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re:Virals 9

Welcome to re:Virals, The Haiku Foundation’s weekly poem commentary feature on some of the finest haiku ever written in English. This week’s poem was

     as soon as
     the last pear falls —
     another one
          — Djurdja Vukelic Rozic, Silent Music (2015)

Jim Kacian took up the challenge of this seeming counterfactual poem. He writes:

The merit of this poem would seem to hinge on the interpretation of the single word “last.”

It is possible that this poem’s interest lies within a simple misjudgement of translation. Perhaps the poet’s “last” means “previous” — in which case this poem is no more than an example of shasei in the broadest definition, reportage of an actual event in a straightforward manner. Though it might be noticeable that one pear’s landing is followed hard on by another, it is hardly notable. However, I believe there is more to recommend it than this.

A second way to approach this poem is by way of yugen, a Japanese term that includes, among its various translations, mystery. To be literal: if the last pear has fallen, but there is something that compels us to think there is another that follows — the sound of its landing, say — then we are in a different reality. Are we noting an echo? Is something else landing that simulates the sound? The poem doesn’t supply the answer, it only offers the mystery.

This, by itself, would simply make for an unsatisfactory poem. However, we need not read it so literally: we might see this as a commentary on the endless vegetative cycle, that no sooner than one year’s fruit has dropped than the gathering of resources, to bloom to flowers and culminate in pears that drop, commences. The reading of “last” in this case would be “final.” Seen this way, the small mystery of the sound of fruit falling actually invokes the larger mystery of the seasons.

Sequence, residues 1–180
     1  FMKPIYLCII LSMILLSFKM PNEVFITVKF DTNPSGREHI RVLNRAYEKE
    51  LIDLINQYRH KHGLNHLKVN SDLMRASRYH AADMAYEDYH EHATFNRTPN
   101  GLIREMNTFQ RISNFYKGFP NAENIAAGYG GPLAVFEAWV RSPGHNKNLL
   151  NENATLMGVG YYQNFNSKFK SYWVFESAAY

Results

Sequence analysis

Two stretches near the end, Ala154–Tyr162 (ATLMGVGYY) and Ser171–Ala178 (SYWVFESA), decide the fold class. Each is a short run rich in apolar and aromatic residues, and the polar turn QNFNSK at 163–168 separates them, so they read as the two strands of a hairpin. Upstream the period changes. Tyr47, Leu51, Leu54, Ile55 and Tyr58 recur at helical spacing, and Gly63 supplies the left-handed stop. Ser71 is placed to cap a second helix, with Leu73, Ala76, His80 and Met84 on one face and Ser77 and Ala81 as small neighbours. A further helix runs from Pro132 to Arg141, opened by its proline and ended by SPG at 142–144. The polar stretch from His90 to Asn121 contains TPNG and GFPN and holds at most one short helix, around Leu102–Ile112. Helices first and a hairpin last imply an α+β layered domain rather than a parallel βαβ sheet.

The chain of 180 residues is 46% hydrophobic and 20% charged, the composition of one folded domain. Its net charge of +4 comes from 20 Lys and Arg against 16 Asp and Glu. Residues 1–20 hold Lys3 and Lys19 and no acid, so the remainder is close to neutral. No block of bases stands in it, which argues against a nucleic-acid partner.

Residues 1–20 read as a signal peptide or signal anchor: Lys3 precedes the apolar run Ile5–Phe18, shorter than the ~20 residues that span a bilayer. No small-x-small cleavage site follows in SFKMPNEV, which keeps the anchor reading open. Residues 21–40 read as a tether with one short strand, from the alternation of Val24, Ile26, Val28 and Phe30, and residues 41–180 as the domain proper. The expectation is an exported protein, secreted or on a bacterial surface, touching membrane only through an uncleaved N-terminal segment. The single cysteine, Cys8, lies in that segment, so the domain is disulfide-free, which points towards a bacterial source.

As this week’s winner, Jim gets to choose next week’s poem, which you’ll find below. We invite you to write a commentary to it. It may be as long or short, academic or spontaneous, serious or silly, public or personal as you like. We will select out-takes from the best of these. And the very best will be reproduced in its entirety and take its place as part of the THF Archives. Best of all, the winning commentator gets to choose the next poem for commentary.

Anyone can participate. A new poem will appear each Friday morning. Simply put your commentary in the Contact box by the following Tuesday midnight (Eastern US Time Zone). Please use the subject header “re:Virals” so we know what we’re looking at. We look forward to seeing some of your favorite poems — and finding out why!

re:Virals 9:

     & the
     Is gone
          — Amiri Baraka, Un Poco Low Coup (Ishmael Reed Publishing Company, 2004)

P.S. After comments for this poem had closed, Tzetzka Ilieva wrote to add the following:

There is a big pear tree in front of my grandparents’ house. The branches spread above the porch, and when the pears are ready, each one of them falls with a bang on the roof of the porch.

This haiku reminded me of the many windy nights I’ve stayed there as a child, wide awake and hoping that each fruit is indeed the last one. Sometimes we shared a room with my mom and my little brother, and I remember my mom assuring us, “That’s the last one!” And then again, and again.
There is another thing, in Bulgaria, the corresponding saying of “the apple doesn’t fall far from the tree” is actually “the pear doesn’t fall far from the tree,” which adds an additional layer to the meaning (for me).

Thanks to Tzetzka for sharing her personal response to this interesting poem.

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